NBA Free Agency: Why are contracts so much bigger this year?

Reports: Rockets sign Ryan Anderson, Eric Gordon
Reports: Rockets sign Ryan Anderson, Eric Gordon

Evan Turner: four years, $70 million to the Portland Trail Blazers. Timofey Mozgov: four years, $64 million to the Los Angeles Lakers. Solomon Hill: four years, $52 million to the New Orleans Pelicans. Mike Conley: five years, $153 million (the biggest contract in NBA history). The deals in 2016 NBA free agency are bigger than ever and the spending seems absurd at times. It's caused plenty of questioning and complacency online as people wonder how players could get so much money. Even NFL players are voicing their frustration.

In fairness, sometimes that complacency seems a little more appropriate. Even in the new market with a $94 million salary cap, $70 million for Turner seems steep and the Lakers throwing $64 million at Mozgov within the first hour of free agency is puzzling at best (primarily because Mozgov was the first port of call, not because of the salary).

However, there are simple reasons for the massive contracts and it's perfectly understandable that everyone is getting so much money.

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Firstly, this all comes down to the new TV deals, which caused a major influx of money into the NBA.

As ESPN's Rachel Nichols neatly summed up and put into perspective, $24 billion from ESPN/TNT provides the league with a ton of extra money.

Rather than the owners keeping it from the players when the latter ultimately make the NBA's product and earn them their money, it's divided between the two. With that extra money heading to the players, free agency is obviously going to deliver plenty of startling contracts.

Ken Berger of CBS Sports has discussed some more of the numbers, and the new TV deal and such a dramatic increase in TV revenue have created all this money that is now split between owners and players 50-50:

It's essentially a 50-50 split among players and owners. This coming season marks the first year of the league's nine-year, $24 billion TV deal with ABC/ESPN and Turner. Silver, his predecessor David Stern and the former executive director of the players' association, Billy Hunter, did not anticipate such a massive increase — from an average of $930 million a year in TV revenue to $2.67 billion.

That, coupled with the union's new director, Michelle Roberts, rejecting the league's proposal to smooth the money into the system gradually, has resulted in a spike in the cap from $70 million last season to $94 million this season and a projected $110 million next season.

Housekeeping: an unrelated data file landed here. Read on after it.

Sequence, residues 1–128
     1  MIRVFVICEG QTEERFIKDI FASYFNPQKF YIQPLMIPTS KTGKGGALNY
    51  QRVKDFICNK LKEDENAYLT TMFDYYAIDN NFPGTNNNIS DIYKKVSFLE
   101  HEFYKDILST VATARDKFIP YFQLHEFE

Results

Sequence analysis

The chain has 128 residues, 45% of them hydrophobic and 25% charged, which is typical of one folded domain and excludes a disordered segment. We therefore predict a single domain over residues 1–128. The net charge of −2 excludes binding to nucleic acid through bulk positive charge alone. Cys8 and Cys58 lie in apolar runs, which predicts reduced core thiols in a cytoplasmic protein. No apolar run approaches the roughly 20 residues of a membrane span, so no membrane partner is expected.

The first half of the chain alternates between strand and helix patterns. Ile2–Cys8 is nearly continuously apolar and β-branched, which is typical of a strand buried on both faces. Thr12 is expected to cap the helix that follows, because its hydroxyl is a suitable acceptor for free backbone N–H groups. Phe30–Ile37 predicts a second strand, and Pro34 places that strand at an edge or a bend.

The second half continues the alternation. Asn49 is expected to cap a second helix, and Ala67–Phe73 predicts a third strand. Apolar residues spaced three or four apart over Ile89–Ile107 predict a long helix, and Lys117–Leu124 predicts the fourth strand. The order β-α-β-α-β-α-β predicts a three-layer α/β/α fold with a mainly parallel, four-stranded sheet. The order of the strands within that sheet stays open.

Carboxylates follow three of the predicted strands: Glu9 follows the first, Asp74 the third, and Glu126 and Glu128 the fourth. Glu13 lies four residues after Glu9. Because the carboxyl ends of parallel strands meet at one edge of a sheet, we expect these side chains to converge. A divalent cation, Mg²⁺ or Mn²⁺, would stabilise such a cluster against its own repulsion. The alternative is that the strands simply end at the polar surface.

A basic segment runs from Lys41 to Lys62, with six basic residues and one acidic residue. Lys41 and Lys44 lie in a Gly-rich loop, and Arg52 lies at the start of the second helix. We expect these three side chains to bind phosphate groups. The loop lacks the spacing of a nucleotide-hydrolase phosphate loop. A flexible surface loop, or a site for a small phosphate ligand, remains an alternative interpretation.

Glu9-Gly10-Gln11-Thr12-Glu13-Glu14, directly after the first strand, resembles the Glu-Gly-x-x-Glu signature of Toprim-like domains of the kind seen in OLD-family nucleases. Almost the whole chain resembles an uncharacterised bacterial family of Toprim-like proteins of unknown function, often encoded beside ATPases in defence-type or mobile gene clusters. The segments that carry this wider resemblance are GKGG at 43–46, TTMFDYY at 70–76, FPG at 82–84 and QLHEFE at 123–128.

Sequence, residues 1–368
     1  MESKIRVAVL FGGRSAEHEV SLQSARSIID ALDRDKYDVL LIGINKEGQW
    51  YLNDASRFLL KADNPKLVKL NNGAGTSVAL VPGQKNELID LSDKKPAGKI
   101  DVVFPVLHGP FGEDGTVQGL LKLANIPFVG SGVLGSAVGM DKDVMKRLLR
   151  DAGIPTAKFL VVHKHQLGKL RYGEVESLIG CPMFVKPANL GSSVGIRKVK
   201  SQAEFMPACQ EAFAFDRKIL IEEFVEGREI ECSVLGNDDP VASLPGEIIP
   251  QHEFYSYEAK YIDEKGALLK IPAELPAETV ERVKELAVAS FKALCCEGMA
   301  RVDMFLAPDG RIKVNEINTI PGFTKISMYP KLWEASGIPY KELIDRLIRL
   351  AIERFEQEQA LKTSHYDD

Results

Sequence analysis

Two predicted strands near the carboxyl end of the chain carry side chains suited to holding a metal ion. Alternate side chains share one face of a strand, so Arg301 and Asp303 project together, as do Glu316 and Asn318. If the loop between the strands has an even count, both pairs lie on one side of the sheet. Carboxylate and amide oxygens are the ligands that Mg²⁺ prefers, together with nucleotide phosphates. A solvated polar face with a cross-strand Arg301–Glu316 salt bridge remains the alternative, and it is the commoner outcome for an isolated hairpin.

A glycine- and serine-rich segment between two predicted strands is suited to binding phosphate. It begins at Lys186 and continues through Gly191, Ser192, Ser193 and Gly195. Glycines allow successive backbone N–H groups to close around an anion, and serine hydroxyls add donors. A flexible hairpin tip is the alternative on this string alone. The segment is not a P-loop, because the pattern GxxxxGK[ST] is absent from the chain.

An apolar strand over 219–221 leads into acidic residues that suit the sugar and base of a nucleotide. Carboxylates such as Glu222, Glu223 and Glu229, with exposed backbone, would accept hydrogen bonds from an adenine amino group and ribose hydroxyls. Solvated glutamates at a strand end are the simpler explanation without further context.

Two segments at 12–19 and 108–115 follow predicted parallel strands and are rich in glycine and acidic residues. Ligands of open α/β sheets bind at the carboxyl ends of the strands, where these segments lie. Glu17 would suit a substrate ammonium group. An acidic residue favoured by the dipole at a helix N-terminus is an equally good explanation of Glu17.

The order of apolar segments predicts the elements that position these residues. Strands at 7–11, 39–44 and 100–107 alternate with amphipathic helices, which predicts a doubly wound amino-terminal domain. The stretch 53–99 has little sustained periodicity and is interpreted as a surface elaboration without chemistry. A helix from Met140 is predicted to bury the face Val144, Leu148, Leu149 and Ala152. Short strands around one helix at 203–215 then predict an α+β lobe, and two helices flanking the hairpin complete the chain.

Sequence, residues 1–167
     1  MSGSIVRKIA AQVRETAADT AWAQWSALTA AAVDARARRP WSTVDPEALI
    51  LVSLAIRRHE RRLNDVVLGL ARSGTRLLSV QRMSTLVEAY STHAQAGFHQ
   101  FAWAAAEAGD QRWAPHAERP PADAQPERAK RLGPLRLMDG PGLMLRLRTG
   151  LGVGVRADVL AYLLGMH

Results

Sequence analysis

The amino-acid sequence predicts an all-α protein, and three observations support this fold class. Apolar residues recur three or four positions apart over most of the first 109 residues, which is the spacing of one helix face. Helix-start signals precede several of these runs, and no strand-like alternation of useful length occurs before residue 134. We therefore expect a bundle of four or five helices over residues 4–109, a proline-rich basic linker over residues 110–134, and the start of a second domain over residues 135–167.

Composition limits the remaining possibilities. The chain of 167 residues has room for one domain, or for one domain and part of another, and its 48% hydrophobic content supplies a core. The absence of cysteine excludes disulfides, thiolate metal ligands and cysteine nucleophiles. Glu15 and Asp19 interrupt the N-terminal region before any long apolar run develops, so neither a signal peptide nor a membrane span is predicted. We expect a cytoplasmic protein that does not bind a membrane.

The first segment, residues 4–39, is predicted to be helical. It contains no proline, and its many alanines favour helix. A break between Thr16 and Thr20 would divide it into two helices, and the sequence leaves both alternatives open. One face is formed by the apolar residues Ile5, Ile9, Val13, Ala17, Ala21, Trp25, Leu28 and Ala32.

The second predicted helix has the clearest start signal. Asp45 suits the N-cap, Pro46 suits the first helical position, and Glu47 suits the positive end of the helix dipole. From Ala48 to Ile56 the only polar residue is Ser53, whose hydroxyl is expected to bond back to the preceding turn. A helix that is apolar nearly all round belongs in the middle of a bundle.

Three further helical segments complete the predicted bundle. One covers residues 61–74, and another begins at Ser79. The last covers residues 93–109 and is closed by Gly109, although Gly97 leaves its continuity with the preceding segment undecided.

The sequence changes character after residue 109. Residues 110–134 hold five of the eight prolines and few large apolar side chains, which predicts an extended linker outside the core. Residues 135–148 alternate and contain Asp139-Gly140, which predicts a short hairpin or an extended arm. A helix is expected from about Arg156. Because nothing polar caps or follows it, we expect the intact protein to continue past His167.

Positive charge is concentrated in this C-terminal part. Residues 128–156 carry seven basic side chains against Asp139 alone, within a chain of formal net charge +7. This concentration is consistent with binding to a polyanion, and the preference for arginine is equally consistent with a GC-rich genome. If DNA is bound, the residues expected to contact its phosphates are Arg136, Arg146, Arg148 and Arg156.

So, yeah, there's a lot of money going around and players need to collect some of it. That's why a promising, athletic, highly versatile talent like Solomon Hill, who started only three games in 2015-16, just became a $52 million man. It's also partly why star sharpshooting sixth man Ryan Anderson just received $80 million over four years from the Houston Rockets.

Beyond the obvious matter of extra money, it's the basic supply and demand issue that has contributed to so many big contracts as well.

There simply isn't enough talent for everyone to win in NBA free agency. Just ask Mark Cuban and the Dallas Mavericks. With a certain amount of players available, teams will need to do all they can to bring them onboard. That means overpaying at times to ensure players don't sign with other teams (a typical tactic any year), and seeing as teams have more cap space than ever this year, they can offer more money and "overspend" with ease, hence the massive contracts.

The limited talent pool only encourages this further. Not everyone can land a franchise center like Al Horford or Hassan Whiteside, or a superstar like Kevin Durant, which means that when lesser players are the only options, teams get desperate with their spending to avoid missing out on the best options they cansign.

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If there were countless centers available and more top-tier point guards on the market, you might not see Mozgov receiving $64 million and Conley becoming the highest paid player in history (for now). There was no way the Grizzlies would hesitate offering a star like Conley that kind of money to keep their team together when Rajon Rondo and mostly backup caliber players are all that's left.

Yes, the money seems insane and players who are backups, non-stars, or are relatively unknown to casual fans may seem grossly overpaid.

But remember, there's a lot of reason behind the madness.

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